Tuesday, May 11, 2010

Will Sugar Shorten the School Year?

Sounds like Sugar-Salem School District Super Alan Dunn is floating a proposal among classified employees (and teachers as well, natch) to shorten the school year, as has been done in neighboring districts to save money.

When my wife spoke to Dunn earlier this week on the topic, it sounded like the idea wasn’t on the table. Whether he was just holding it close to his heart or whether he’s been getting lots of phone calls on the matter is something I don’t know.

But it is significant he’s talking to classified employees – those who earn an hourly wage, as opposed to those who earn a salary. They – cafeteria workers, janitors, et cetera) would be the most impacted by a shortened school year, as they’d see their hours cut.

That seems unfair – until, as we discussed last night – you realize these folks already have to count on finding other jobs for the summer as they’re not cooking at the schools or driving buses and such throughout the summer.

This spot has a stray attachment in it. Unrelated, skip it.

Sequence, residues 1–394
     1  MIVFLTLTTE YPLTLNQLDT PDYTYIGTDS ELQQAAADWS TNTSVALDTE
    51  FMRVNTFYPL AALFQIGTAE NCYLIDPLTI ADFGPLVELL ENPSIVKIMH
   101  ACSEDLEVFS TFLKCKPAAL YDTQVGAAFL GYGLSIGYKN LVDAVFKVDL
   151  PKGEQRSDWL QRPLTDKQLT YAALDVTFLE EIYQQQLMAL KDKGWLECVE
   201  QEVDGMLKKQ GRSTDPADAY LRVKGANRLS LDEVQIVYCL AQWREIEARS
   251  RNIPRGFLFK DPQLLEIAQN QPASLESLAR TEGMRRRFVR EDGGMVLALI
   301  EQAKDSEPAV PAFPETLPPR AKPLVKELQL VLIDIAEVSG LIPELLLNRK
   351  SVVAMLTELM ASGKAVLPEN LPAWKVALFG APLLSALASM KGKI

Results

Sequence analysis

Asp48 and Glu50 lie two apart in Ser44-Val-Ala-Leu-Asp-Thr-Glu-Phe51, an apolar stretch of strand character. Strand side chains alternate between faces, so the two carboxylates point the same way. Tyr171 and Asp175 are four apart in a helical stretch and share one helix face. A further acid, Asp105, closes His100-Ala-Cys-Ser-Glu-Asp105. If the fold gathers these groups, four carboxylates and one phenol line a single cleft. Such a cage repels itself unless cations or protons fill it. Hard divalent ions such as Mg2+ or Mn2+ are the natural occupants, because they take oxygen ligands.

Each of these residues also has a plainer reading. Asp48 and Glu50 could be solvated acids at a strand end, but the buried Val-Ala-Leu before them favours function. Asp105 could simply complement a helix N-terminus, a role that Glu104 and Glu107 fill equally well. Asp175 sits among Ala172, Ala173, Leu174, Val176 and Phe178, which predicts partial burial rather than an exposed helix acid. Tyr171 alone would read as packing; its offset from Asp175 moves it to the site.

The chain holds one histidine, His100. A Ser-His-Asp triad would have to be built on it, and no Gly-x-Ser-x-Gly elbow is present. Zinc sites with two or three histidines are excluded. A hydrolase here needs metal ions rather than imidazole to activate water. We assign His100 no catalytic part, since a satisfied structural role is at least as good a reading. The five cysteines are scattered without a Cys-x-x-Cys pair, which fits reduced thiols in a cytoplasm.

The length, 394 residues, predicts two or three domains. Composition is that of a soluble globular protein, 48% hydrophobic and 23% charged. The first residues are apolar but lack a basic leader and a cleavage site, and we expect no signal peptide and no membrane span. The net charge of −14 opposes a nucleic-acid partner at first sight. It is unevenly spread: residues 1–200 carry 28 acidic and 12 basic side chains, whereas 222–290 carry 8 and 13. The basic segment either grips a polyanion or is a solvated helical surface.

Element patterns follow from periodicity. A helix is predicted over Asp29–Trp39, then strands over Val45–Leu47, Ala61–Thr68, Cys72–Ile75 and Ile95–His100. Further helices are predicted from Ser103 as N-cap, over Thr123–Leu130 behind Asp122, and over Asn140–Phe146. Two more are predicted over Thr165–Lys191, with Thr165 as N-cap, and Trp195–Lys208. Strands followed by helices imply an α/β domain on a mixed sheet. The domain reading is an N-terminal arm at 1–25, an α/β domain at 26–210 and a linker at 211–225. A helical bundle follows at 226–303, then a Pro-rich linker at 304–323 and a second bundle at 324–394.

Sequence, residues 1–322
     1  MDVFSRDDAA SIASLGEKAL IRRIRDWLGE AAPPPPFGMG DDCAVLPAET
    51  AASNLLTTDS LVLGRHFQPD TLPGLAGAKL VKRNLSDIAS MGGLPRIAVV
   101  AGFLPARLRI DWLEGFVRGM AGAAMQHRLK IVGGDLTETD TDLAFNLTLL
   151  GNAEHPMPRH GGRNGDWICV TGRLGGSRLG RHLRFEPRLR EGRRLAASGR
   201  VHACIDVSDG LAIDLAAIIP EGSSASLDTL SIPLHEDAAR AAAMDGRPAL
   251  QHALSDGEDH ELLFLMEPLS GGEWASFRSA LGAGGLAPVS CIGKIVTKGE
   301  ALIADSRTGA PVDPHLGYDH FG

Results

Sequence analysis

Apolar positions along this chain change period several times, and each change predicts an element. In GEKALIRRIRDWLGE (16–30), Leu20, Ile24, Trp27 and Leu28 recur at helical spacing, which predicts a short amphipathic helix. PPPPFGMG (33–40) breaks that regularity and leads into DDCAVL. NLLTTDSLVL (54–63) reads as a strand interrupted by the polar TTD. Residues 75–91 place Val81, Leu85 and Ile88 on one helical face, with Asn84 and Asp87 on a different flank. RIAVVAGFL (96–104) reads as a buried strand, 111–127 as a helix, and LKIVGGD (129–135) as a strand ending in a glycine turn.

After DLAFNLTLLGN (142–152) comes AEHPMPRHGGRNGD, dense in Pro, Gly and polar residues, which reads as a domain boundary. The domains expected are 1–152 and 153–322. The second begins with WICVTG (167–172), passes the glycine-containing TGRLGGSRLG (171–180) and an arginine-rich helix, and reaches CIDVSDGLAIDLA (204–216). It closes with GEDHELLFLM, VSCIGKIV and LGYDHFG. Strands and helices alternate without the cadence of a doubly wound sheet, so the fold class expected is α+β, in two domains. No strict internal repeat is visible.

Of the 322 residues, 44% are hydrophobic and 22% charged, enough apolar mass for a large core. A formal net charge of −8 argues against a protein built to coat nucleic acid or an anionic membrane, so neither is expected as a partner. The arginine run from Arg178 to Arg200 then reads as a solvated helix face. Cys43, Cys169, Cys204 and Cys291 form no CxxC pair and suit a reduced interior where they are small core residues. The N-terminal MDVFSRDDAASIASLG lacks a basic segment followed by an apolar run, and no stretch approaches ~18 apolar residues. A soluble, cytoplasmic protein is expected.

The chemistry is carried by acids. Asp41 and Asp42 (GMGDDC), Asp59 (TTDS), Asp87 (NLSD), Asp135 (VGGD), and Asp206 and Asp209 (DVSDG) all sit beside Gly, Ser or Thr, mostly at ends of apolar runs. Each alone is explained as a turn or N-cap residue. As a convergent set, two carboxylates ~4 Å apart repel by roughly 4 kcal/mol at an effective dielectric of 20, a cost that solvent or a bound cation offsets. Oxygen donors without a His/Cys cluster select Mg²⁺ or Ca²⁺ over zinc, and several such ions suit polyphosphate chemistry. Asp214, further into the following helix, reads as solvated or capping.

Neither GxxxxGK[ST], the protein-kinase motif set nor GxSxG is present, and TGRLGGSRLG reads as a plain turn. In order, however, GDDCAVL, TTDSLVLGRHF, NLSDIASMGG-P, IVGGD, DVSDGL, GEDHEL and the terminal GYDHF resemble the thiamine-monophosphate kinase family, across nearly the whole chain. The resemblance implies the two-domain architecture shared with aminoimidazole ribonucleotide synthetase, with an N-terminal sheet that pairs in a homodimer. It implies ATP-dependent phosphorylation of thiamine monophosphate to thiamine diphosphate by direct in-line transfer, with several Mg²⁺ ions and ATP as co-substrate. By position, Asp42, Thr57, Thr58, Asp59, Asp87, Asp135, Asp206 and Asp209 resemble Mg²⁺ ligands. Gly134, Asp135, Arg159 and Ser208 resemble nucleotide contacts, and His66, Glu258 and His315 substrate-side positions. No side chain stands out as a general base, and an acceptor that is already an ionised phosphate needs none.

More importantly – and it’s a symbolic importance, perhaps, more than a monetary-saving one – the gesture throws a bone to patrons who’ll be asked to pay more taxes for schools in just a few weeks.

It’s hard to tell how much of a money-saving this would bring the district, but it at least offers the appearance that the district is willing to do what it takes to save money, especially as they’re asking for a supplemental levy on May 25, which will effectively see an additional $180 in property taxes tacked on to each $100,000 in value. That’s a significant amount of money – for us, it’s about an additional 20 percent on our annual tax bill.

I’m willing to vote for the levy – we’ve got three kids in Sugar schools, and if the levy can help educate them in the face of state budget holdbacks, I’m willing to pony up. Even if I didn’t have kids in the district and still lived here, I’d vote yes on the levy. Kids need an education.

1 comment:

Doug Byrd said...

Amen Brother Fweem!